1 Introduction

The motivation for the formulation of Generalised Quantum Theory (GQT) (Atmanspacher et al. 2002, 2006), whose minimal version will be presented here, was the desire to sharpen the often vague and metaphoric usage of originally quantum theoretical terms like complementarity and entanglement in fields of knowledge differing from physics. Starting from the algebraic formulation of physical quantum theory and discarding from its axioms elements appearing to be special to physics, a formalism was obtained which is applicable far beyond the realm of physics and still rich enough to attribute a well defined formal meaning to the notions of complementarity and entanglement beyond physics. Meanwhile, quite a few applications demonstrating a partial structural isomorphy to quantum physics in rather diverse situations have been worked out in more or less detail (see Atmanspacher et al. 2002, 2004, 2006, 2008a, b; Römer 2004, 2006, 2007, 2008; Römer and Walach 2008; Walach and Römer 2009; von Lucadou et al. 2007; von Lucadou and Römer 2010; Walach 2002, 2005).

The formalism of GQT was called “weak quantum theory” in the original publication (Atmanspacher et al. 2002) because it arose by weakening the axioms of physical quantum theory. However, the wider range of applicability of this theory makes its designation as “weak” inappropriate, and for this reason we now use the term “generalized quantum theory”. In this short contribution we will sketch a slight reformulation, simplification and further generalisation of GQT. This new formulation puts stronger emphasis on the operationalisable features of GQT and leaves intact all its applications, in particular the formally precise formulation of complementarity and entanglement. Details will be given in a more comprehensive publication (Atmanspacher et al., in preparation).

The reader who is not so familiar with the algebraic concepts and the mathematical formalism of operators, propositions, eigenvectors etc. may leave aside the mathematical aspects and formulae and stick to the explanatory remarks.

2 The Formalism of GQT

Generalized quantum theory takes over from both classical and quantum physics the following four notions:

System: A system is anything which can be (imagined to be) isolated from the rest of the world and be subject to an investigation. A system can be as general as an object or a school of art together with all persons involved in production and interpretation. Unlike the situation in, e.g., classical mechanics the identification of a system is not always a trivial procedure but sometimes a creative act, in particular in view of the possibility of entanglement with other systems to be described in Sect. 4 In many cases it is possible to define subsystems inside a system

State: A system must have the capacity to reside in different states without losing its identity as a system. One may differentiate between pure states, which correspond to maximal possible knowledge of the system and mixed states corresponding to incomplete knowledge. Notice that the notion of a mixed state contains an epistemic element. We shall see later that this also applies to some extent to pure states.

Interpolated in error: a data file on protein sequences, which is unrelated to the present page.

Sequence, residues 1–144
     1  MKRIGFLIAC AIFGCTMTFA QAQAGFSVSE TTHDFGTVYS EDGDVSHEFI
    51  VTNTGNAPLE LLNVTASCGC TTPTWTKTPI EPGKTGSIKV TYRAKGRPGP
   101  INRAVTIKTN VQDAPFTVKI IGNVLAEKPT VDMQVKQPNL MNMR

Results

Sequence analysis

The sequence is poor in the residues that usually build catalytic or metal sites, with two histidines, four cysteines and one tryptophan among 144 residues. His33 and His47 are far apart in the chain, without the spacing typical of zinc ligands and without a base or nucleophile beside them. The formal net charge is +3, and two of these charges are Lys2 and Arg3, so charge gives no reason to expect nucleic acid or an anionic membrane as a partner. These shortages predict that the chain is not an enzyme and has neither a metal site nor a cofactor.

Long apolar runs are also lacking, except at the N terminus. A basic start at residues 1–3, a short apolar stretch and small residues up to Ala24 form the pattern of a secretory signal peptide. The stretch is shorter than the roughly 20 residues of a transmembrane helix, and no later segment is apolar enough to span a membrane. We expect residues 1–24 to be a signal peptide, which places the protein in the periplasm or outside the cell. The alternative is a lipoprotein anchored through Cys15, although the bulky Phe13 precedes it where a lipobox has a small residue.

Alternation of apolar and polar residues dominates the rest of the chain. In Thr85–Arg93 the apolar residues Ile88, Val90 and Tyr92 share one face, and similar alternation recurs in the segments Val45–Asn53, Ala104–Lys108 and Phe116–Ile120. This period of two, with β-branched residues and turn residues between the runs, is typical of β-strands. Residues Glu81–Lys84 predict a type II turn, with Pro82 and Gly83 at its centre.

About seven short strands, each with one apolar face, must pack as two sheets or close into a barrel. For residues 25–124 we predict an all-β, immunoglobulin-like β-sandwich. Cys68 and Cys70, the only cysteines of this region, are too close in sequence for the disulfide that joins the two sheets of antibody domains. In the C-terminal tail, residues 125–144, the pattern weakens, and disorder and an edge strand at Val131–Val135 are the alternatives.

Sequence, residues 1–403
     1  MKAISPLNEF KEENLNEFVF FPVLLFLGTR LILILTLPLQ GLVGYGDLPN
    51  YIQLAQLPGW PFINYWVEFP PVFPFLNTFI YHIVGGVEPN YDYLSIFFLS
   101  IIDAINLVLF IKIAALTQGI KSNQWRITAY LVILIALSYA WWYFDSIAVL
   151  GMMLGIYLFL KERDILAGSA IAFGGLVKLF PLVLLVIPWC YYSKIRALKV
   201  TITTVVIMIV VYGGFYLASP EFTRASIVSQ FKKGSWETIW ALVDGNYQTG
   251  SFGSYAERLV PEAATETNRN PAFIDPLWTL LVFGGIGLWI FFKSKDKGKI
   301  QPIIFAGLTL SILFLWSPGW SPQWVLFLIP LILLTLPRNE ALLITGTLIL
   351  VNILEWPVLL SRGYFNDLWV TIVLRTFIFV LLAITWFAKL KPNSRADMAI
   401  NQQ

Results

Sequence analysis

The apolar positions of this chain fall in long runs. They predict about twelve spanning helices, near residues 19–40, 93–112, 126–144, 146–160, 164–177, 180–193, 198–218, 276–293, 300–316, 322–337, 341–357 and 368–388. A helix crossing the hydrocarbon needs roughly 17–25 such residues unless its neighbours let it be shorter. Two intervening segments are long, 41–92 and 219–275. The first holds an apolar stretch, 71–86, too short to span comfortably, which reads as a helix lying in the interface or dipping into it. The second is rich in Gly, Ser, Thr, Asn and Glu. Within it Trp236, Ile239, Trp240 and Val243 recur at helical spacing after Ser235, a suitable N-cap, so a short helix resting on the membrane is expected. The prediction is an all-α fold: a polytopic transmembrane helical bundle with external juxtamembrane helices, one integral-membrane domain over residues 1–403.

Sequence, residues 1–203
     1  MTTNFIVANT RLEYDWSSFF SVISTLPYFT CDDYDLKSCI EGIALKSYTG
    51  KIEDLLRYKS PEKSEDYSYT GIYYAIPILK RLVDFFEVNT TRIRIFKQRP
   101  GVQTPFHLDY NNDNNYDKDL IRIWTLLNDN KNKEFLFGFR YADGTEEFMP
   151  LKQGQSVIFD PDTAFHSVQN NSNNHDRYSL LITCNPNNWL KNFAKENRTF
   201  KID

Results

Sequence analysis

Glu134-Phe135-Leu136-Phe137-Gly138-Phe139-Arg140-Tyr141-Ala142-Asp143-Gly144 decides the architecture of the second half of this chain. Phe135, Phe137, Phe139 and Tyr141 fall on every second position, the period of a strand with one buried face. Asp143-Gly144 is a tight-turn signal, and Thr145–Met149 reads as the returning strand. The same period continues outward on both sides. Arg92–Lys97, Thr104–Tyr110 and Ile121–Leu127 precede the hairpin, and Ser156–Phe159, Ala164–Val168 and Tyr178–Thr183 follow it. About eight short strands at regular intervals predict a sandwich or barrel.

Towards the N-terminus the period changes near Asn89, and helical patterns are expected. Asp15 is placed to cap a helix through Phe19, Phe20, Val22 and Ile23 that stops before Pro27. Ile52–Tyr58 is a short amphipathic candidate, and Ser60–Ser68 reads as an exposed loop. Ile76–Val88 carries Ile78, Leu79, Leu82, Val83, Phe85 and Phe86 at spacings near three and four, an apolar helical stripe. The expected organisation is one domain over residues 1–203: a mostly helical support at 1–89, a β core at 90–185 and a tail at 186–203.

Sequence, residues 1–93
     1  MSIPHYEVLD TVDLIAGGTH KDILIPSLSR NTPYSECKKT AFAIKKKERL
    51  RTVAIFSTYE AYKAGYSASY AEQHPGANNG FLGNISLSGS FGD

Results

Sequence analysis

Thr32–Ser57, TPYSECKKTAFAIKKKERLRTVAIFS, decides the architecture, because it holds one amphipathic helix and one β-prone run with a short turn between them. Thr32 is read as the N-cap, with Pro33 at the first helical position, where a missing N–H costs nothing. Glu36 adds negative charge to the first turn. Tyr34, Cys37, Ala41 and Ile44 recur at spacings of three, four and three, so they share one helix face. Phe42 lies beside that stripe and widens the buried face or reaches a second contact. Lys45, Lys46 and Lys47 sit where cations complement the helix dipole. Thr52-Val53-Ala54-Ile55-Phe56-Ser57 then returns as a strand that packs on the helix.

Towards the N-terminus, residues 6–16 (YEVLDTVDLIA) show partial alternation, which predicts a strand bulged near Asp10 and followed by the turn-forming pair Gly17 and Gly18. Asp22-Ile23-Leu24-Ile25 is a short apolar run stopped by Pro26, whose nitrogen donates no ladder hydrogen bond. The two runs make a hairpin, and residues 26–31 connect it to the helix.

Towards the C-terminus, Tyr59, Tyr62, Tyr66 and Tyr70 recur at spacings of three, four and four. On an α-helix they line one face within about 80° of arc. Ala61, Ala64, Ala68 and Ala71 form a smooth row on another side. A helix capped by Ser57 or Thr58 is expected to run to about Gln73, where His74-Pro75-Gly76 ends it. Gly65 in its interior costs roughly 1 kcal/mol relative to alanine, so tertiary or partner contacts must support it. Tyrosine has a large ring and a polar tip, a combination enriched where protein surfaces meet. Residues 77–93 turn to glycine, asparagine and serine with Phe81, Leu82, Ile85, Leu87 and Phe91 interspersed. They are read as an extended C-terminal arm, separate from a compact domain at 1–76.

Observable: An observable corresponds to any feature of a system, which can be investigated in a more or less meaningful way. Global observables pertain to the system as a whole, local observables pertain to subsystems. (For details concerning the subjective element of partitioning and identifying subsystems, see Sect. 4) Observables may, for instance, correspond to esthetic investigations for systems of art (schools).

Measurement: Doing a measurement of an observable A means performing the investigation which belongs to the observable A and arriving at a result a, which can claim factual validity. What factual validity means depends on the system: Validity of a measurement result for a system of physics, internal conviction for self observation, consensus for groups of human beings. The result of the measurement of A will in general depend on the state z of the system before measurement but will not be completely determined by it.

To every observable A we associate its spectrum, a set Spec A, which is just the set of all possible measurement results of A. Immediately after a measurement of an observable A with result a in Spec A, the system will be in an eigenstate z a of the observable A with eigenvalue a. The eigenstate z a is a state, for which an immediate repetition of the measurement of the same observable A will again yield the same result a with certainty, and after this repeated measurement the system will still be in the same state z a . This property which is also crucial in quantum physics justifies the terminology “eigenstate of an observable A” for z a and “eigenvalue” for the result a. (We should notice that this does not correspond to a mathematical eigenvalue equation, however, the relation to the mathematical notion of eigenstate in quantum physics will be given in Sect. 3.) We emphasize that this is an idealized description of a measurement process.

Even in quantum physics, the attempts to describe the physical measuring process entirely within its own formalism have not been fully successful so far (Bell 2004). GQT deals with systems, whose physical character is not focal and often unessential. Generalised “measurement” in GQT is predominantly a cognitive process, though, of course, with a physical substrate.